Can a Multicenter Pneumonia Zero Bundle Reduce Ventilator-Associated Pneumonias?*

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Excerpt

Critical care medicine continues to advance the science of healthcare delivery to shift previously considered inevitable harm to preventable harm. Despite this progress, critical care professionals struggle each day to curtail nosocomial infections in the ICU. For instance, many institutions have adopted quality improvement (QI) bundles to combat ventilator-associated pneumonias (VAPs).
In this issue of Critical Care Medicine, Alvarez-Lerma et al (1) present the results of the Zero VAP project, the largest prospective, interventional, multicenter study across 181 Spanish ICUs. The VAP prevention bundle included seven basic mandatory measures (e.g., hand hygiene with alcohol solutions, oral hygiene with chlorhexidine, semirecumbent positioning) and three highly recommended measures (e.g., continuous aspiration of subglottic secretions). The adjusted VAP frequency deceased from 9.83 per 1,000 ventilator days to 4.34 per 1,000 ventilator days in a 21-month period. With compliance being measured by internal audits and surveys, the use of the bundle was associated with a decreased adjusted VAP incidence from 9.83 per 1,000 ventilator days to 4.34 per 1,000 ventilator days in a 21-month period. The Zero VAP bundle allowed for a 2.4–1.2% (50%) reduction in VAP rates and 10.9–7.7% reduction in VAP recurrence.
The strength of evidence marshaled in support of the various VAP bundle components is uneven. Although components like sedation breaks and daily ventilator liberation assessments have consistently been linked to better outcomes, other elements, including elevation of head-of-bed and stress ulcer prophylaxis, have had mixed results (2, 3). Therefore, a robust evaluation of the bundle efficacy must be done prior to global application of a QI bundle. Interestingly, the VAP bundle in the Zero VAP QI program did not include stress ulcer or deep venous thrombosis prophylaxis, daily sedation assessments, or spontaneous breathing trials. Although included in the Institute for Healthcare Improvement 100,000 Lives Campaign, these bundle components are less clearly related to the prevention of VAP (4). Perhaps the implementation of bundle components only with proven efficacy in VAP prevention allowed for the VAP reduction. Furthermore, bundles are more than the sum of their components; institutions should not expect, nor will they achieve, optimal results with partial compliance (4).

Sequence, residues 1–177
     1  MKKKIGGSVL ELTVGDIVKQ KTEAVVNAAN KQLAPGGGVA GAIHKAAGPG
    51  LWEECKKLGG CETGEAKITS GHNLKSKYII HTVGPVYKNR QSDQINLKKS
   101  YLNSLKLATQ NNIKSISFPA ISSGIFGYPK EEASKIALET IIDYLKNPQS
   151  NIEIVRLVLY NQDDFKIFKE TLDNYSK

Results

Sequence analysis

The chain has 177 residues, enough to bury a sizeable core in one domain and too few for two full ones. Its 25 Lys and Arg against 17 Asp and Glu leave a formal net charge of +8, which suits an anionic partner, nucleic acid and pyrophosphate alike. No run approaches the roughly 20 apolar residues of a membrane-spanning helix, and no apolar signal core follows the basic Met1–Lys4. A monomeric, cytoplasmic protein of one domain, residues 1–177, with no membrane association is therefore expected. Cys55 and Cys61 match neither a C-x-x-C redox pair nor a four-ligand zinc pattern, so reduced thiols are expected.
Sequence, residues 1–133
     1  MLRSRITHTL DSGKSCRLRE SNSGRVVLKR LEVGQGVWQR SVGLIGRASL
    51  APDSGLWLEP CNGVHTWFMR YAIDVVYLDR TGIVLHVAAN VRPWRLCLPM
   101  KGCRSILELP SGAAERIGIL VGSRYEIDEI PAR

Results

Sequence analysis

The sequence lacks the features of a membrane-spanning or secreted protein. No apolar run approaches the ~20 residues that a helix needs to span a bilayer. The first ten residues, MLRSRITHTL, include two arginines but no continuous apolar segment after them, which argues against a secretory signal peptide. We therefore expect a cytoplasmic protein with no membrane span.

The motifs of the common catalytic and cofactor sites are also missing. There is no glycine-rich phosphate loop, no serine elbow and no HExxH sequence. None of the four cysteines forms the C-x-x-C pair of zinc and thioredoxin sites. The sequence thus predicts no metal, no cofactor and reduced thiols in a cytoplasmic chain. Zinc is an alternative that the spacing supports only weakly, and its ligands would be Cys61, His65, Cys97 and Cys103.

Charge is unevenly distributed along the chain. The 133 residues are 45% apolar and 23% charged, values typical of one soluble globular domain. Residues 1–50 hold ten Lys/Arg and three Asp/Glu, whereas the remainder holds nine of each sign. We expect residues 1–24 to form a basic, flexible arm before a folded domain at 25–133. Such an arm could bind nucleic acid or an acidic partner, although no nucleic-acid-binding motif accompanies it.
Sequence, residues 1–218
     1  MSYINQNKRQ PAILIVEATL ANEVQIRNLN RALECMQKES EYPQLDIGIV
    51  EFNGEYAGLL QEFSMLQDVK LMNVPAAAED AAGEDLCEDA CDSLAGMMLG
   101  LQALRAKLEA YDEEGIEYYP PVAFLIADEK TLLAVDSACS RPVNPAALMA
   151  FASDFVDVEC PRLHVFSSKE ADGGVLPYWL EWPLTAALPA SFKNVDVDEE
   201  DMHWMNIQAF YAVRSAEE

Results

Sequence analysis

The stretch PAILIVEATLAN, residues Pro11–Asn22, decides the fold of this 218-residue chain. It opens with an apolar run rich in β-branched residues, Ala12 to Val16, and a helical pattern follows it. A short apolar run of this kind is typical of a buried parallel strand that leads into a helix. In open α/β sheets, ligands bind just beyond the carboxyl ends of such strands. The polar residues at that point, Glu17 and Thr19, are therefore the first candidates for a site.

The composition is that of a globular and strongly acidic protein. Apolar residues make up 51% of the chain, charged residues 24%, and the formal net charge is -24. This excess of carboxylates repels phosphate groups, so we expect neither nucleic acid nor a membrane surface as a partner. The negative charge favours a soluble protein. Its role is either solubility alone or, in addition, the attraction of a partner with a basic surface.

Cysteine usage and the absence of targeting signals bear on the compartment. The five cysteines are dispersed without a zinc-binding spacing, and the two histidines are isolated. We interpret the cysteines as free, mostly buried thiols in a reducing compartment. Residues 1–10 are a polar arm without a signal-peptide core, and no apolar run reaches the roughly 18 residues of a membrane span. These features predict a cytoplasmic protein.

Adoption of a QI bundle commonly requires a multifaceted approach. They must be widely effective and carry minimal risk of harm. Success of a VAP QI initiative has at least three dependencies: First, every healthcare provider must know the components. The Zero VAP program, for example, trained 18,000 (83%) of their multidisciplinary ICU healthcare workers through training modules. This project addressed several broad categories of potential barriers to evidence-based practice, including provider knowledge, attitudes, and behaviors described by Cabana et al (5). Second, component compliance must be monitored by a bundle conformity leader. The VAP Zero project may have been successful from the high-level monitoring of bundle compliance. Third, feedback and continuing education aimed at increasing proper use of each component are vital. Knowledge, compliance, and feedback can be enhanced through a pyramidal (hierarchical) administration with required reporting. The pyramidal organization at a national, regional, and hospital level may have contributed to the successful implementation of this initiative.
In a time when increasing VAP studies are criticized as failing to demonstrate clinical and cost effectiveness, this national QI project supports the use of VAP bundle compliance to cut VAP and mechanical ventilation days by nearly half (6). The definition of VAP remains in flux. Attempts to simplify, streamline, objectify, and automate assessments for VAP are ongoing. Whether the bundle is effective in reducing the newer and more broadly conceived “ventilator-associated events” cannot be assumed; rather, it is a hypothesis requiring evaluation.
Prevention may be our best hope for reducing VAP- associated morbidity and mortality.
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